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Should Joe Biden’s Jewish picks raise concerns?
The different reactions of American and Israeli Jews to US President-elect Joe Biden’s early appointment of four Jews to top positions in his administration provide a telling peek into the different ways the two communities view reality.
In this sense, the
of Antony Blinken as secretary of state, Janet Yellen as secretary of the Treasury, Alejandro Mayorkas as secretary of Homeland Security, and Ron Klain as Biden’s chief of staff are a Rorschach test of sorts.
Here is one reaction from American Jewry: “We are proud of the fact that this slate of nominees includes multiple Jewish Americans and others whose family history represents the rich tapestry of American society,” the Jewish Democratic Council of America (JDCA) said in a statement. “Their understanding of our past will help build a stronger future.”
That response reflects pride that Jews have risen high in the government ranks, and that the new appointees’ understanding of Jewish values will infuse policy.
Contrast that with a tweet from Makor Rishon editor-in-chief Hagai Segal: “There is no need to attribute too much importance to the appointment of Jews in Biden’s administration. There are also a lot of Jews in J Street,” Segal wrote, in reference to the left-wing lobby that has played a leading role in legitimizing and mainstreaming harsh criticism of Israeli policies by both elected and nonelected US officials.
Obviously, Segal, who edits a newspaper with a strong right-wing editorial tilt, does not represent all Israelis, any more than the JDCA reflects the entirety of opinion of American Jewry.
But their different takes on the appointment of Jews to the Biden cabinet, and what those appointments mean, reflect different ways Israeli and American Jews – as a result of their different experiences and different concerns – view the world.
American Jews, said Michael Oren, Israel’s ambassador to Washington from 2009-2013, look at these appointments and feel pride. Israeli Jews, on the other hand, look at them and wonder whether the appointees’ religion will make them more sympathetic to Israel’s concerns.
“American Jews look at these appointments and say, ‘This is what we can achieve in this country, what a country,’” Oren said. “Israelis say they are going to understand us better, because they are Jewish.”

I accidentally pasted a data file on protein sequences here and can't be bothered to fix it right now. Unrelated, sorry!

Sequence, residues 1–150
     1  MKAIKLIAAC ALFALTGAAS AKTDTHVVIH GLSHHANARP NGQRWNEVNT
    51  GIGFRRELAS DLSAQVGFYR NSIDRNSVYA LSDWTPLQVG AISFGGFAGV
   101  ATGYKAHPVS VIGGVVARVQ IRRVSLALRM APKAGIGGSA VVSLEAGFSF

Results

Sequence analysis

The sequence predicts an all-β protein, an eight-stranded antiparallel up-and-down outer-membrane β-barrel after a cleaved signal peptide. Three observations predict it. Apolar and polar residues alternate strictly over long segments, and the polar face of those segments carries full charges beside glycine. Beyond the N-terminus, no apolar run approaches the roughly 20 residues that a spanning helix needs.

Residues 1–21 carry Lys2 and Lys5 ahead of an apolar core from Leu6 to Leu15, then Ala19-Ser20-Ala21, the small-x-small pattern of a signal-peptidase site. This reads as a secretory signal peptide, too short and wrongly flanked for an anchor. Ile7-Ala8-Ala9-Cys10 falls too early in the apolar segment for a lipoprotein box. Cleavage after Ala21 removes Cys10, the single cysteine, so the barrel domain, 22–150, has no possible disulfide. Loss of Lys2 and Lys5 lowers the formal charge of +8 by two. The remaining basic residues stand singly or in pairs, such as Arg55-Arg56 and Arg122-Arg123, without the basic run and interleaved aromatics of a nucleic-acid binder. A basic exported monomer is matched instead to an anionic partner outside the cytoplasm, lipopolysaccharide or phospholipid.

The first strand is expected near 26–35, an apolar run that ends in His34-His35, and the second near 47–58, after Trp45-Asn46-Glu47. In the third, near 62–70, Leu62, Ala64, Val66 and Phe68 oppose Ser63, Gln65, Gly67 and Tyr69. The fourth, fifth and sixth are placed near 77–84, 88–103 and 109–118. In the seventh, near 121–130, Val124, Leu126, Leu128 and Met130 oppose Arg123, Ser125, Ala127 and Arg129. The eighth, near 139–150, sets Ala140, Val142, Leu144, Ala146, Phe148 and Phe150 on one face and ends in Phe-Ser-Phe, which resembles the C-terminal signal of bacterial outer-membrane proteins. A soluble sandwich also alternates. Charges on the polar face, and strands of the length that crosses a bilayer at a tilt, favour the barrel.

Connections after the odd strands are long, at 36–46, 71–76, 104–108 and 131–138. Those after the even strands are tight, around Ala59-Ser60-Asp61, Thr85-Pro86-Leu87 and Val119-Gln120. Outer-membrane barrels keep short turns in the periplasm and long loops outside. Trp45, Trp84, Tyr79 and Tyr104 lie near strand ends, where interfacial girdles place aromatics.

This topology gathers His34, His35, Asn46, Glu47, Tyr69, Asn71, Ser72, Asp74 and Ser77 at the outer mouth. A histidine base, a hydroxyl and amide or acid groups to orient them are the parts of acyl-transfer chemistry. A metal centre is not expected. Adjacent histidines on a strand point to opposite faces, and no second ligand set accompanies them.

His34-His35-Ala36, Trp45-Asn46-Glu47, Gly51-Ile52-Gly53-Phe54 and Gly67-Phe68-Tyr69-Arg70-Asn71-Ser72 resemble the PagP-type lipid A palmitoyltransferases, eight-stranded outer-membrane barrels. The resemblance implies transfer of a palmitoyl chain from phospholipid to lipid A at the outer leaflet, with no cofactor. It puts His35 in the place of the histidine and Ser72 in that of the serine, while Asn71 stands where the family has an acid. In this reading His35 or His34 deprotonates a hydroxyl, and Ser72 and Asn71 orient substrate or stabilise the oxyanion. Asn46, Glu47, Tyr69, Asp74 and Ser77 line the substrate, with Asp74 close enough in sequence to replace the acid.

In addition to the pride that US Jews feel when their coreligionists rise to positions of great authority, there are two other emotions in their baggage that Israeli Jews don’t carry in this context: shame and insecurity.
“American Jews first of all feel pride,” Oren stressed. “But they could also feel shame.”
He said that some liberal American Jews looking at US President Donald Trump’s senior advisers Jared Kushner and Stephen Miller often feel shame because these men are Jewish, advocating policies – for instance, on immigration – that they are adamantly against.
And the other emotion triggered by high-level Jewish appointees among American Jewry is often insecurity.
“Because if the Jew in high office pursues policies that are highly controversial, or if that individual fails in office, that reflects on the entire community,” Oren said. Many in the Jewish community, he quipped, look at a non-Jewish official embroiled in controversy and say to themselves, “Thank God he is not Jewish.”
If that degree of insecurity reflects a shtetl mentality, American Jews are not the only ones to have it. Danny Ayalon, who was the ambassador to the US from 2002-2006, during the George W. Bush years, said that mentality also exists among Israelis when they look at Jews abroad in high places.
“I think Jews all over the world are conditioned, because of our 2,000 years of exile and all the tribulations, to always look and see who we can talk to, who we can do business with, whether he is a landsman, a member of the tribe. When you were the few against the many, it was always comforting knowing who you were dealing with, and whether he was your brother.”
Even though today Israelis are “strong, independent and proud,” Ayalon said “we are still in that sense – in that form of conduct – acting a little like we did in the shtetl: ‘Is the official Jewish or not? Is the landowner [paritz] a Jew?”
And what if he is? What if the landowner is a Jew? What if the senior State Department or Pentagon official is a Jew? Does it make a difference? Does it help Israel in any way?
Ayalon thinks not, and said that in his years as ambassador and foreign policy adviser to prime ministers Ehud Barak and Ariel Sharon, the fact that there were Jews in prominent roles in the Clinton and Bush administrations did not make his job any easier. In fact, he recalls a time during the controversy over Israel’s selling Harpy drones to China in 2004 – something that the Bush administration wanted to stop – that top Pentagon officials Douglas Feith and Paul Wolfowitz “gave me a dressing down and came down on me like a ton of bricks.”